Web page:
Life in the usually serene valley of Kaerezi, deep in rural Nyanga, was brought to a literal standstill last Thursday noon as a convoy of high-rider vehicles snaked its way down a deep valley along a dirt road that meandered past a mixed settlement of modern brick-under-zinc houses and old pole-and-dagga huts.
Schoolchildren, mostly little boys and girls in rag-tag dressing that would painfully pass the school uniform description, stood in small groups watching in awe as the big cars drove past, leaving clouds of dust in their wake.
Clearly oblivious of their circumstances, they waved vigorously and gleefully at the passing cars, eyes wide-open, even in the thick dust.
What mattered to them, it appeared, was to receive a reciprocal wave-back from the occupants of the cars.
You could read the happiness from the joy-filled smiles and satisfaction in their eyes when their greetings were acknowledged in equal measure.
Engineer Ian McKersie had earlier spoken about his company having electrified several schools in this area, bringing electric lighting and tap water to an area located so far away from civilisation it could have taken more than another generation before this kind of development could have reached this part of the world.
McKersie runs an engineering company that is harnessing water in the Kaerezi valley in Nyanga and other places around the country for the purposes of producing renewable energy.
Nyangani Renewable Energy will soon be feeding power into the national grid, helping Zimbabwe deal with the perennial shortage of power supply.
The convoy that mesmerised this community was carrying a group of engineers, financiers, institutional investors, and government officials on a visit to one of McKersie’s hydropower plants.
They had come deep down this valley to view the phenomenal expertise put together by McKersie and his team, in collaboration with the government of Zimbabwe and some foreign financiers.
Tsanga River, which runs off Gairezi River and snakes down the valley for several dozen kilometres, has been intercepted on three points where the mini plants have been set up.
One of them, Tsanga 2, has been completed and is already fully functional, ready to feed into the national grid.
Energy ministry secretary Gloria Magombe, who was one of the visitors to plant l, described the quality of engineering work at Tsanga 2 hydropower plant as smart.
“The moment I got inside that plant, the engineer in me was taken aback by the level of professionalism that confronted me,” Magombo said.
“For a while I was totally lost to the world, engrossed in this beauty before me.
“I was awed by the whole set-up. It is solid, perfect and professional.
“The general cleanliness is breathtaking. Any engineer that sets their eyes on this work will have no doubt on the smartness of the brains and the hands that designed and put this magnificent plant together.
Tsanga 1 and 3 are still work in progress but. McKersie said the waiting would soon be over as payment to a foreign supplier of machinery had now been made in full.
“Once the machinery arrives, we will not take long to put it together and get Tsanga 3 plant generating power as well,” he said.
Zimbabwe has embraced the global shift from the use of fossil energy that has been responsible for the obtaining climate change which has brought misery to the world and now threatens humanity’s very existence.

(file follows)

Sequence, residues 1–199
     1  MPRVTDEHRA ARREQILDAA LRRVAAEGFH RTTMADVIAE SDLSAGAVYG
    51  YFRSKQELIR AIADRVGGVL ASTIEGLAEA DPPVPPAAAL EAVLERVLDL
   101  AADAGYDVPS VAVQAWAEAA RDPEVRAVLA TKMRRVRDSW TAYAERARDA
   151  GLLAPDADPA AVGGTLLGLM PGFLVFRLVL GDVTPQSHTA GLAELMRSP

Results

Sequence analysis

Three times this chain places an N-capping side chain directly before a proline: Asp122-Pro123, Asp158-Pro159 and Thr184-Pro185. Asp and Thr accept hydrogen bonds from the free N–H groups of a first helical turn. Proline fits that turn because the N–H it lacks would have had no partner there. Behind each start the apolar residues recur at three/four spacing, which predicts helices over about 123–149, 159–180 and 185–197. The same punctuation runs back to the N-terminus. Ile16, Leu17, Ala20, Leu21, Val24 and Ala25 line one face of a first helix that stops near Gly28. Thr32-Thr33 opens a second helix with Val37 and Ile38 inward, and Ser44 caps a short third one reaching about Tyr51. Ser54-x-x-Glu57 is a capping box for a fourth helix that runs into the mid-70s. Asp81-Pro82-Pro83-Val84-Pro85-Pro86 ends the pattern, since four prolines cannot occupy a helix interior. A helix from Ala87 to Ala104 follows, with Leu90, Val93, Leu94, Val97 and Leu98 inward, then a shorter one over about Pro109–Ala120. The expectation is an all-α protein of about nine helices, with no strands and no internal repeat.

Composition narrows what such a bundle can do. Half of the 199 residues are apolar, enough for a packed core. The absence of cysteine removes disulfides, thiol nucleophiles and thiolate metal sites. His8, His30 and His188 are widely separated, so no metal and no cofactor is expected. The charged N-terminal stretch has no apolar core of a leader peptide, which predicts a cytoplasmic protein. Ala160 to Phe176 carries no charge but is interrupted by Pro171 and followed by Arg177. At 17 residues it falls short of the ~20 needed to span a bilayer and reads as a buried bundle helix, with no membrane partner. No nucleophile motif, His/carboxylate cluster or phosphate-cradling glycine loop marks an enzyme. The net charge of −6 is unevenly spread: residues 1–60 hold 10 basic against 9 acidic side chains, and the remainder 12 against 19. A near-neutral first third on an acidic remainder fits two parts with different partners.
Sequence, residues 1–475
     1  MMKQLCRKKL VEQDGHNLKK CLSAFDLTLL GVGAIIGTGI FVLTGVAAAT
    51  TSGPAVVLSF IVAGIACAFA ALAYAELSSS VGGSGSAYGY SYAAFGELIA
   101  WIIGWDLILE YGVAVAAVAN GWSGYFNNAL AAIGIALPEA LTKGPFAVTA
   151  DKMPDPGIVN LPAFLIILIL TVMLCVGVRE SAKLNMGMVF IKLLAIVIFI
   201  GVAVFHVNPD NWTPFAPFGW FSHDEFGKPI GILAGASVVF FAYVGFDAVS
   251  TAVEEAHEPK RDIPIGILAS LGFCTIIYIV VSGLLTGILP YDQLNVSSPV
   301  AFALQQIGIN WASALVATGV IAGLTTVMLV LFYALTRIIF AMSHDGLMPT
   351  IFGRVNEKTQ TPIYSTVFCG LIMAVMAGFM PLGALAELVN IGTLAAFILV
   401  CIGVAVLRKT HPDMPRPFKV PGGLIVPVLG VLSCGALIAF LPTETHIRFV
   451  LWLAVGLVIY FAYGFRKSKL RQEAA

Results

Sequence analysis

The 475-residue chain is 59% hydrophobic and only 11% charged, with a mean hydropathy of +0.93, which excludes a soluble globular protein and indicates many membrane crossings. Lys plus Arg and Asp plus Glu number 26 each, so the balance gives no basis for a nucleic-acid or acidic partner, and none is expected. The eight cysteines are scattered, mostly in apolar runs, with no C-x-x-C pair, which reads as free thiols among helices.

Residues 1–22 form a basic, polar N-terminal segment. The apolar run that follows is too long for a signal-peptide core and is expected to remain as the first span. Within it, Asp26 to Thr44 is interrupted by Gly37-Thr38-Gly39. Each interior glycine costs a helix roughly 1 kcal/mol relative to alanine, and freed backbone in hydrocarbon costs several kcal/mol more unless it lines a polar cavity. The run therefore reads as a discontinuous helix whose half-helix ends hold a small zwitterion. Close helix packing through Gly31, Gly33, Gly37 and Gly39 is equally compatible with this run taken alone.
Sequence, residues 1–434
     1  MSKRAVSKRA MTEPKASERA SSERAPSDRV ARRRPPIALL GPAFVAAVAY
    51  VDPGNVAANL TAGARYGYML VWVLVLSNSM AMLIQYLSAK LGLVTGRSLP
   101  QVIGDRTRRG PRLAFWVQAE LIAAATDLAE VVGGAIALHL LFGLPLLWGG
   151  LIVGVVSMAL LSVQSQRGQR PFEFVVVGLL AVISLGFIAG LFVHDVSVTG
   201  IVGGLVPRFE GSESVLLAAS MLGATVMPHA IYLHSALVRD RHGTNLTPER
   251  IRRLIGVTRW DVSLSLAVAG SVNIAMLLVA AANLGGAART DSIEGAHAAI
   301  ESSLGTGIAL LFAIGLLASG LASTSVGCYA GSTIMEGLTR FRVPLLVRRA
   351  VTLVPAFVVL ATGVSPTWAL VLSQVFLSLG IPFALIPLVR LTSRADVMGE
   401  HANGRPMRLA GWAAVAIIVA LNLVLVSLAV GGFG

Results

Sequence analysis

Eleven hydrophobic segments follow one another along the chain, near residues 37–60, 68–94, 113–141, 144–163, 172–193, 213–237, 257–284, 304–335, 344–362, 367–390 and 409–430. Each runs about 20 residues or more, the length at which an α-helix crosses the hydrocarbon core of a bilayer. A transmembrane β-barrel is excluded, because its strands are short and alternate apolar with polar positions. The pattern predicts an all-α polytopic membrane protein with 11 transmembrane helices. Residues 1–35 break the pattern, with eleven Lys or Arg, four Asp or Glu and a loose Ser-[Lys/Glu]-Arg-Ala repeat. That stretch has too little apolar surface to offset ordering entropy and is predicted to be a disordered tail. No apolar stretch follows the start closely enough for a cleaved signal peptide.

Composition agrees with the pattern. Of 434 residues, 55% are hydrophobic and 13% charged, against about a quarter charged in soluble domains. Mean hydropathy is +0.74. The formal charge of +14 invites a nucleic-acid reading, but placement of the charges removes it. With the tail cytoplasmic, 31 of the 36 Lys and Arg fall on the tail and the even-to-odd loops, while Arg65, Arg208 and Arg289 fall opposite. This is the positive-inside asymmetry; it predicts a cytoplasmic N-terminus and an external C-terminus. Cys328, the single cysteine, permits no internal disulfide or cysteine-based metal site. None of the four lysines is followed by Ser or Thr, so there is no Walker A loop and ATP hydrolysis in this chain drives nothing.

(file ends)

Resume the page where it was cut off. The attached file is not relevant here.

The country has endorsed the adoption of renewable energy and Alpha Media Holdings (AMH) has taken a leading role in the facilitation of the processes that the country will follow in its quest for clean energy by 2030.
AMH, through The Standard and Heart and Soul TV, are facilitating annual international conferences and expos as a way to bring together the various experts and authorities and financiers for discussions that map the way forward on the road to the 2030 clean goal that has been set by President Emmerson Mnangagwa.
The first such gathering was held at Victoria Falls last year while this year’s event, which had been threatened by the Covid-19 menace, eventually took place in Nyanga last week.
The conference drew government officials including Energy minister Zhemu Soda and permanent secretary Magombo along with several ministry officials.
Also in attendance were engineering, energy and other experts among whom were Engineering Council of Zimbabwe CEO Ben Rafemoyo, Zimbabwe Energy Regulatory Authority CEO Edington Mazambani, heads of independent power producers such as McKersie and Victor Mutedzi, financial experts like Patrick Makanza of Get.Invest Financial Catalyst, and other specialists, academics and consultants, some of whom delivered their presentations virtually.
Politicians also came along to add their views and comments pertaining especially to government policies on renewable energy.
They led very lively discussions and brought up suggestions that provided the much-needed impetus to the conference.
The importance of the issue under discussion at the conference could not escape anyone given the urgency and tone of the discussions.
The message was that the need to move away from polluting energy cannot be overemphasised and time is not on our side.
It was clear everyone was aware of the crisis facing the country, continent and the world and that everyone realised and acknowledged what needed to be done.
The conference was a platform where oneness of the country was exuded by all participants through cordial cross-pollination of ideas and expertise.
AMH chief operations officer Kangai Maukazuva reaffirmed the company’s commitment to the role that it has assumed in the quest for the achievement of the national clean energy goal.
He said AMH would continue to bring together stakeholders at these international conferences and to support the renewable energy drive through the propagation of relevant information in its media outlets.